inessential by Brent Simmons

More about wikis

Amplifying my earlier post about wikis...

Some people have said that wikis look the way they look because they’re just trying to get a job done and they don’t care about appearances.

In other words, the idea is that beauty and usability aren’t connected.

I disagree with that utterly and completely—beauty and usability are completely connected. In the case of web design, usability is the biggest part of beauty.

When I say usability I usually mean readability. The main thing people do with wikis is read them. (The main thing people do on the web is read.)

So what I’m saying is that almost all wikis don’t do the job of being easy to read.

Picking on Jakob

I’m going to pick on Jakob Nielsen now. Mostly because it’s ironic fun, but also because he can take it, and his site has many of the same usability and aesthetic problems that wikis have. (In my opinion, of course.)

Here’s a recent, fairly representative page: Usability For $200. (Warning: link opens in a new window, so you can see it and continue reading here.)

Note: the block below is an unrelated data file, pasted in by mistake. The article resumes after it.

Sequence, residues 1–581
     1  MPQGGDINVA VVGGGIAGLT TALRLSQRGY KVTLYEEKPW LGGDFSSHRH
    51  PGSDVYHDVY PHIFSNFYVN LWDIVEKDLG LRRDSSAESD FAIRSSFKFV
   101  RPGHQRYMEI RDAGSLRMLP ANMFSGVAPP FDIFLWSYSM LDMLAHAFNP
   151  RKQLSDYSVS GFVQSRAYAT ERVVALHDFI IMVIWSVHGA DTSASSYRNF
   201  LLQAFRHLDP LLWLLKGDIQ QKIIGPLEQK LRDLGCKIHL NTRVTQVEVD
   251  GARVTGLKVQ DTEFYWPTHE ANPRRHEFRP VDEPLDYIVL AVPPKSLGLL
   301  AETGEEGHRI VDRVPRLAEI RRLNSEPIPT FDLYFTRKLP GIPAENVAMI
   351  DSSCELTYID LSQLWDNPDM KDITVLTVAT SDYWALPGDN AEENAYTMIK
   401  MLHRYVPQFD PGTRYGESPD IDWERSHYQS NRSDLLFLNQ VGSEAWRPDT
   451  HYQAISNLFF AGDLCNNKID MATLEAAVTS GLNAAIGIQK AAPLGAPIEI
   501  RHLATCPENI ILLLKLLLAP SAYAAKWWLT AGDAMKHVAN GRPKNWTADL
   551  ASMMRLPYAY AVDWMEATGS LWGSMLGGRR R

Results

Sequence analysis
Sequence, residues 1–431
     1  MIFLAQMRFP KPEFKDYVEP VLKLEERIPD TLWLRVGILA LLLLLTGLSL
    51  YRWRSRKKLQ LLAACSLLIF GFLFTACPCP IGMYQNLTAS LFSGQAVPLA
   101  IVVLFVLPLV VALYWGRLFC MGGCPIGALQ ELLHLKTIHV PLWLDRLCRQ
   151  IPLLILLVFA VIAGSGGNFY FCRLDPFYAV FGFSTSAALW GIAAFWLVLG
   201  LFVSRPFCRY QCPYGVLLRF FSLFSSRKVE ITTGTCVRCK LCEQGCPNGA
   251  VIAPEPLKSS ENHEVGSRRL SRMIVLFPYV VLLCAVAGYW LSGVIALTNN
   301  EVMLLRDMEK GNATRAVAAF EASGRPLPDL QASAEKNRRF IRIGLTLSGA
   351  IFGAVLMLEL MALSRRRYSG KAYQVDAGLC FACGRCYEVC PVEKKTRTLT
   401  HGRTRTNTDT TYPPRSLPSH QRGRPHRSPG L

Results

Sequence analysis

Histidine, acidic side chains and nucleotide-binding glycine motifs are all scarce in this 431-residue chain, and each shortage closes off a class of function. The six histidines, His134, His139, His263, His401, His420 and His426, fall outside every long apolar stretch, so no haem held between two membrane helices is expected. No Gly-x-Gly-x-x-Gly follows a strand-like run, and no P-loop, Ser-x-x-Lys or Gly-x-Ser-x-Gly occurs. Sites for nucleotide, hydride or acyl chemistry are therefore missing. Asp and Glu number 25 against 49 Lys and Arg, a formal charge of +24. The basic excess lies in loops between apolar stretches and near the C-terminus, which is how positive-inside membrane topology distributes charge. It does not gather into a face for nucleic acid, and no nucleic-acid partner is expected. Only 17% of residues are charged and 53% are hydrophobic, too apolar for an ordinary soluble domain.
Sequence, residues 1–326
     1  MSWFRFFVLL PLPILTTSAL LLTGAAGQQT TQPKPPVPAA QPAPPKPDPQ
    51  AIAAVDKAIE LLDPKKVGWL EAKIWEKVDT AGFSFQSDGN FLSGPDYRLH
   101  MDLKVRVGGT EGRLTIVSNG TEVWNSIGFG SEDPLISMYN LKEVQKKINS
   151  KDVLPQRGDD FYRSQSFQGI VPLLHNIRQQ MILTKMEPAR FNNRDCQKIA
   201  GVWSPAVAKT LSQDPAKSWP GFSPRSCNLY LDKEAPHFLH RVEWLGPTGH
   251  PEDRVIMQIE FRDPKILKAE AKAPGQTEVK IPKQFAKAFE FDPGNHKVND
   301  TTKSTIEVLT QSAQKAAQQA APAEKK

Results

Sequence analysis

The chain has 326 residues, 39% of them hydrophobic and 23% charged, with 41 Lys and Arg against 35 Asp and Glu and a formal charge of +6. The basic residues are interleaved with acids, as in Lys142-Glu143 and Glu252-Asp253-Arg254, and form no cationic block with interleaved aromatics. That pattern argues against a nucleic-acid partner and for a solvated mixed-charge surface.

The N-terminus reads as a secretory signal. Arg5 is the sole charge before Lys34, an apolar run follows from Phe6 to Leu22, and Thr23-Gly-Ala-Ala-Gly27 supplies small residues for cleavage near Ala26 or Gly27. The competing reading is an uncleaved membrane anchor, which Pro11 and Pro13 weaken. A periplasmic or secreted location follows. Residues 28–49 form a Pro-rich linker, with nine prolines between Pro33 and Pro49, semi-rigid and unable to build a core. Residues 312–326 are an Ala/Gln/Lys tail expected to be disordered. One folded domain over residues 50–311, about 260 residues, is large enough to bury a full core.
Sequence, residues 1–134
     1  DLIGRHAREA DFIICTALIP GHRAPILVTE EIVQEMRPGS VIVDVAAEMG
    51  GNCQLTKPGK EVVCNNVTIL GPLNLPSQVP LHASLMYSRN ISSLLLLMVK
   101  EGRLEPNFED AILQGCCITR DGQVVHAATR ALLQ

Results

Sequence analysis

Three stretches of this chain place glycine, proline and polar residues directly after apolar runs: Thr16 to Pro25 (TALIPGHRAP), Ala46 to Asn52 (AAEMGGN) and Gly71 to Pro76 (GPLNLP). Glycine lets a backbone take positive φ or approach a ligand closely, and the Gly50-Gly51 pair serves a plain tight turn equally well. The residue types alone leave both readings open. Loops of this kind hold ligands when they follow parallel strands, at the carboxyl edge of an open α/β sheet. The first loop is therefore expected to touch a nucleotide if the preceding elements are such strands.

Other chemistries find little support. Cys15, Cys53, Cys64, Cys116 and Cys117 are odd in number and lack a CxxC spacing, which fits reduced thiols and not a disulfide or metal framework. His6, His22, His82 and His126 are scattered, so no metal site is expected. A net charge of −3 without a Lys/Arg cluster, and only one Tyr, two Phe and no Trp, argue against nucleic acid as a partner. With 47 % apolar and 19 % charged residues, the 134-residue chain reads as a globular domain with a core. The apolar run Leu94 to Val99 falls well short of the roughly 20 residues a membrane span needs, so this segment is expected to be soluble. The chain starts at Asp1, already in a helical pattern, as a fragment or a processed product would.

The text goes from the extreme left of the browser window to the extreme right. It is very difficult to read. (A more narrow column and white space would make it easier to read.)

I have to resize my browser window to about half its normal width before I can even attempt to read this page.

Any site that makes me resize my browser window, I leave.

The Summary box has no margins. Worse still, the background yellow of the box bleeds into the white background of the page, which makes reading the summary difficult. A border would help. See how it’s hard for your eyes to make out the edges of the Summary box? It makes that area of the page look smudged.

Then there’s all the bold phrases in the paragraph text. These little bold phrases add visual noise to the page. (Links don't have that same effect.)

You know what? That’s it. Not that many things.

And, as with Jakob Nielsen’s site, there isn’t that much that most wikis would need to do to become easy to read.

It’s as easy to create an easy-to-read site as it is to create a hard-to-read site.